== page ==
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History of Medieval India
Classical Age in India-Overview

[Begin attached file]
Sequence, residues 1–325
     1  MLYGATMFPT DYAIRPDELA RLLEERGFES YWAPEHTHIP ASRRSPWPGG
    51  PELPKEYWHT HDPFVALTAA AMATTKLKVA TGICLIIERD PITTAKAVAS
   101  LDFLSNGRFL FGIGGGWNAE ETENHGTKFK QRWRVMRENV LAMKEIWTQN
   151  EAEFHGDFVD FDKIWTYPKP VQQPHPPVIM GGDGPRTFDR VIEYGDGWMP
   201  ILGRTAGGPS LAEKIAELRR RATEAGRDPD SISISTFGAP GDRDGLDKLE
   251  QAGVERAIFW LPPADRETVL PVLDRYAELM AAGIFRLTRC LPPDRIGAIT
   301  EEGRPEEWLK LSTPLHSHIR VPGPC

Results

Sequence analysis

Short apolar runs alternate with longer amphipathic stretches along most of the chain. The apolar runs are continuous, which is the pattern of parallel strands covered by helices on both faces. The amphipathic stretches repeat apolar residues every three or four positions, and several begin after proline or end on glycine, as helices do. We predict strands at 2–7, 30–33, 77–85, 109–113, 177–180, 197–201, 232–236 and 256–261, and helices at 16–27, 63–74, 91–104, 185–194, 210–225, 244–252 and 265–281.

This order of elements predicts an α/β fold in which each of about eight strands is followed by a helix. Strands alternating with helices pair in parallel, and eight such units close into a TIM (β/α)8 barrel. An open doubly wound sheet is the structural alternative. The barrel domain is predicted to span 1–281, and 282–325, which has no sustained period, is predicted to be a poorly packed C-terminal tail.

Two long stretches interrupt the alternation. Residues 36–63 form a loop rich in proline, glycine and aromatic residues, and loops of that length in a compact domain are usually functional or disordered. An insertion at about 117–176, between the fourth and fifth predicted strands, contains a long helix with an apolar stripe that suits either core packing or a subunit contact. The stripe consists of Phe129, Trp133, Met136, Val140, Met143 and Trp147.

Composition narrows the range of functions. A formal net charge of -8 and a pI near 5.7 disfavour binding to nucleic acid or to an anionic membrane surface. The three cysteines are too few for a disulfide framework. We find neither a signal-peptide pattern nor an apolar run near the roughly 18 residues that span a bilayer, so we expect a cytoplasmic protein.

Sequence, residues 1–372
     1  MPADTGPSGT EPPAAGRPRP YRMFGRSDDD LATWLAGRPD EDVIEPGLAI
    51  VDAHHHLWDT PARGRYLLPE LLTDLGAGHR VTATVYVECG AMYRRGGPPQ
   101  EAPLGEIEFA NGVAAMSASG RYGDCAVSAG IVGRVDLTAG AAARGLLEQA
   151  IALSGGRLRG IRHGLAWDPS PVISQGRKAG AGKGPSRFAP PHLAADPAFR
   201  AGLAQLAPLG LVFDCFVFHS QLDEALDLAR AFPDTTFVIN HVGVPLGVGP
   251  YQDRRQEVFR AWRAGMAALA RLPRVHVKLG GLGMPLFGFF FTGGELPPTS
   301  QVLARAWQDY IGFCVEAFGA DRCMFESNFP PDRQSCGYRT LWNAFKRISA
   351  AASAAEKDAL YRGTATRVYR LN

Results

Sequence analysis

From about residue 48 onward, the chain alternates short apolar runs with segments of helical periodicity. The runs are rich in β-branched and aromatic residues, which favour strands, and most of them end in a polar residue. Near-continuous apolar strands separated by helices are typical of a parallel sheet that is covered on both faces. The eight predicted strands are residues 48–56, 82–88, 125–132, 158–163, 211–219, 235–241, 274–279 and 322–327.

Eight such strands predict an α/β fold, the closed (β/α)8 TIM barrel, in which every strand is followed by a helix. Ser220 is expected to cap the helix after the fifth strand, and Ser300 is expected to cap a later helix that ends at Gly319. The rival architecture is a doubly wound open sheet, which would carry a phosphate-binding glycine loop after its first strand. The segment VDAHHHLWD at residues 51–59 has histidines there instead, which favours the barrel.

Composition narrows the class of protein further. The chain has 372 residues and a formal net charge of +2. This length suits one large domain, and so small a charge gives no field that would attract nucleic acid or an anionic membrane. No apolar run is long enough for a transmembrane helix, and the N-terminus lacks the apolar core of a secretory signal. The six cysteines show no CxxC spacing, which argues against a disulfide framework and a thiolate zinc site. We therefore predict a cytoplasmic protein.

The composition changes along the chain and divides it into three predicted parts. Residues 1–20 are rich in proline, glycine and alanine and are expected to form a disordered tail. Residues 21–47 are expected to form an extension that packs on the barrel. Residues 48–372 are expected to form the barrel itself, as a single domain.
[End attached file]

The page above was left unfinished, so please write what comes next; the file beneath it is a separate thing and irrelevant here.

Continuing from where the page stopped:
The classical age was acknowledged for the development of the artistic, educational, military and scientific exploits which after its beginning continued to leave its mark over the preceding generations. Significant achievements in these fields marked the importance and enhanced its reputation in the whole history of the Classical age. Religion underwent a synthesis and major sectarian deities, image worshipping and devotionalism and temples gained grounds. Religious life became more enriched with music, classical dances, and religious literary works and so on. Subjects like grammar, astronomy and other scientific fields were dealt in an advanced manner with specialization being done on them. Classical age in India is also revered for its contributions in the field of mathematics and astronomy, as being the first to replace the roman system with the Indian numeral system. `Decimal` system is again one such invention of this era. Charaka and Sushruta were the two exponents who excelled in the medical field. Indians also excelled in pharmacopoeia, bone setting, caesarean section and skin grafting procedures. Gupta and Vardhan empires are both the pioneers and the nurturers of the Indian tradition under whom the classical age gained prominence and it excelled in various major fields. The Gupta rulers were versatile monarchs who built a large empire and even ruled it efficiently. They also consolidated the large northern India under one political banner, which was remarkable. They encouraged the development of trade and commerce, which multiplied the wealth of the country. Internal security was of high standard which allowed the smooth functioning of trade relations, maintenance of law and order and growth in the religious, cultural and economic prosperity of the people. They were the patrons of Gandhara School, which was in an indianised form, and aristocrats reserved a room as picture galleries known as `Chitrashala`. The Vardhan dynasty reached its zenith during the rule of Harshavardhana who was a great patron of art and also a scholar. He united different parts of India like Punjab, Bengal, Haryana and Orissa under his domain. Though a very young monarch in the beginning he very soon after his ascension transferred his capital from Thanesar to Kannauj and united both of them. Gujara Pratihara Empire